Wireless Headsets

New technology in wireless communication systems adds to jobsite productivity and safety

Effective communication is essential to the success of any business. When dealing in the construction industry it is not only essential to success, but also the safety of workers. With an abundance of noisy, heavy machinery being used on a daily basis, construction sites are among the most dangerous when it comes to work places in America. According to the U.S. Department of Labor, Bureau of Labor Statistics, construction laborers and workers in the construction trades rank in the Top 10 of the most dangerous jobs.
The standard means of communication for crews who deal with these sorts of machines have not always been up to par. Workers mostly rely on a combination of shouting and complex hand signals to share information while on the jobsite. The limitations to this type of communication are obvious. You run the risk of crucial information being missed, and when employees’ health and well being are on the line that is unacceptable.


There are a variety of different communication options available that have been used on construction sites for some time. One of which would be a hard-wired system. With wired systems, headsets are linked directly together using a set of interconnecting cables. While this is a step up from shouting and hand signals, it comes with many drawbacks, some of which cause more problems than the system solves. With a series of long cables spread out over a jobsite, it is easy to see the potential problems brought on by a wired system. Not only is there an added tripping hazard, but you have also created another piece of equipment that can get damaged or destroyed.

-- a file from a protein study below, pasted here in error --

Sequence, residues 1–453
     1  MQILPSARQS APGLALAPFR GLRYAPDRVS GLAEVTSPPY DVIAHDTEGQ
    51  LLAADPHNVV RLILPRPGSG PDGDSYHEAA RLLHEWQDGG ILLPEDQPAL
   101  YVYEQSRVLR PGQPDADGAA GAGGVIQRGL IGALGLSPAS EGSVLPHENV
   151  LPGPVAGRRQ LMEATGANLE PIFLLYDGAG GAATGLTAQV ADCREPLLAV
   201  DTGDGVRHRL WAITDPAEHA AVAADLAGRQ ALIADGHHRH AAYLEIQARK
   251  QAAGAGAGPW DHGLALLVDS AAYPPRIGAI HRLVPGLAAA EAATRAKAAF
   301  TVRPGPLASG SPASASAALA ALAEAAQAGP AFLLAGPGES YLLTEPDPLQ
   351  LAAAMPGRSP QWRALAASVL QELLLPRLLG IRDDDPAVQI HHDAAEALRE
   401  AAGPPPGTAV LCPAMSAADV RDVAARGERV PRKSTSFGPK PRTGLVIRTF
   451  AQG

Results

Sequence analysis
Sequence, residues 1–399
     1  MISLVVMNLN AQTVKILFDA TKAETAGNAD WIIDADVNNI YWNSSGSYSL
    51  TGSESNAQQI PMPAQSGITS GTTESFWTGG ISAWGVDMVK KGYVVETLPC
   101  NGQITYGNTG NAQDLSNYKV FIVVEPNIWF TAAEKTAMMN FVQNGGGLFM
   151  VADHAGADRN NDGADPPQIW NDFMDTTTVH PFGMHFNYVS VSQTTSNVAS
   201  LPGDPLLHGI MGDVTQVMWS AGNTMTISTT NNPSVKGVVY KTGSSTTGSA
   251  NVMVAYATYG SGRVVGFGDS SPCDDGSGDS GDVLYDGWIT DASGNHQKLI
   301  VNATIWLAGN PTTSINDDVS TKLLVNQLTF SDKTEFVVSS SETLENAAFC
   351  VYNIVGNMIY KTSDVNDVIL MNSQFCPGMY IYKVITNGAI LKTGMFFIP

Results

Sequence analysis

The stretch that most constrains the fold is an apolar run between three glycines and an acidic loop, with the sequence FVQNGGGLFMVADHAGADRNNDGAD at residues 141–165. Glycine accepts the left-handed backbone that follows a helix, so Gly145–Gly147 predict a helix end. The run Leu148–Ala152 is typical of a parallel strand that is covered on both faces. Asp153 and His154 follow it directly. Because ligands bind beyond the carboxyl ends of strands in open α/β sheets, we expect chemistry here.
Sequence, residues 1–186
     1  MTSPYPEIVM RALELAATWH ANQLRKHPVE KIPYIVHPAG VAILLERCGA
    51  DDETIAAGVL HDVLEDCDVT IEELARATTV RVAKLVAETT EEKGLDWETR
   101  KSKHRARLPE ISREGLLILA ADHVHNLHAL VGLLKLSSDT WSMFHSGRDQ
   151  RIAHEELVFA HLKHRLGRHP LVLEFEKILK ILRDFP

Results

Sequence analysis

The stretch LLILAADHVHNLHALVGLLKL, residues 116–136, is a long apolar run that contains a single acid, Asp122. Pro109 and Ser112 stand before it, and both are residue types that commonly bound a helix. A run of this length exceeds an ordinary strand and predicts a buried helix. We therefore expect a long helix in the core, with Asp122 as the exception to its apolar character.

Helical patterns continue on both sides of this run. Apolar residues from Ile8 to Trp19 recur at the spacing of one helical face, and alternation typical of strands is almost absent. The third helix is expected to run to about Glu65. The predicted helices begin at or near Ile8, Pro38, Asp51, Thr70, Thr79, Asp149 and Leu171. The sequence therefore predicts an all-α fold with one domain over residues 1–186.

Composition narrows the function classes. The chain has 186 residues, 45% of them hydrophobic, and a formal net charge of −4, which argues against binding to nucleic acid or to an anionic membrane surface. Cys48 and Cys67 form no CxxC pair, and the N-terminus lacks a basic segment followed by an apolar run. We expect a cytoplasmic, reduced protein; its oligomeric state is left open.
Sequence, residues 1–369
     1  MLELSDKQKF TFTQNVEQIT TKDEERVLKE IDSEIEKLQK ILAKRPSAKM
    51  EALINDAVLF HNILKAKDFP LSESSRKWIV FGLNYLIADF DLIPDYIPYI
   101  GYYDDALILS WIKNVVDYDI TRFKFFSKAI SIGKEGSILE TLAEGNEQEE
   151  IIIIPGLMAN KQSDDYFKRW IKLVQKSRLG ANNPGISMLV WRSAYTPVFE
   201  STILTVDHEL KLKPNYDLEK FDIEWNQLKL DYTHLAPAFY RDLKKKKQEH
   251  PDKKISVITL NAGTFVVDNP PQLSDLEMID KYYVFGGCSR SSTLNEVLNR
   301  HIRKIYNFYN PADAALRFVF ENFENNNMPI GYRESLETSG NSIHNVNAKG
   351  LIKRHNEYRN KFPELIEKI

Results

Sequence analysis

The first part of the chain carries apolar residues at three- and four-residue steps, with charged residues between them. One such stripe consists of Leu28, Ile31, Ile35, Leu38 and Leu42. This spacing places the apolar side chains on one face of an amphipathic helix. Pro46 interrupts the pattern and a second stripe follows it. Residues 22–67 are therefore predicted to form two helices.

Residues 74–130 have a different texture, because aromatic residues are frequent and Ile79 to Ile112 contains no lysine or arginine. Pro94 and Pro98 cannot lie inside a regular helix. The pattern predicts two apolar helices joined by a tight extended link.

Wireless Headset
ComStar XTreme is a hard hat compatible headset with miniature wireless circuitry and antenna installed right inside the ear cup.
With all of the negatives brought on by wired systems, it is easy to see why people who deal in heavy-machinery construction generally search for a wireless solution first. While tripping hazards and other issues that come with the wired systems do not apply to wireless devices, they too have their share of limitations. Traditional wireless transceivers operate in a mode that is called “push to talk” otherwise known as Simplex. This means exactly what it says, a user must press a button in order to activate the microphone. With simplex wireless working with your hands and speaking at the same time is obviously cumbersome if almost impossible.
Not only do these radios require you to press a button to speak, only one person can transmit at a time. If someone is holding their button to speak, it is impossible to let another staff member communicate at the same time. If two people try to talk simultaneously their transmissions are interrupted and neither signal gets through. This can be extremely dangerous when complex and difficult tasks are being performed. Only allowing one person to talk at a time severely limits the ability of the entire team to effectively communicate. On top of not allowing users to keep their hands free or speak at the same time, simplex radios normally operate on cluttered frequencies leading to interference and spill over from other devices. This can be avoided by having a more high-powered system, however, that usually requires licensing from the FCC, and can be both expensive and time-consuming.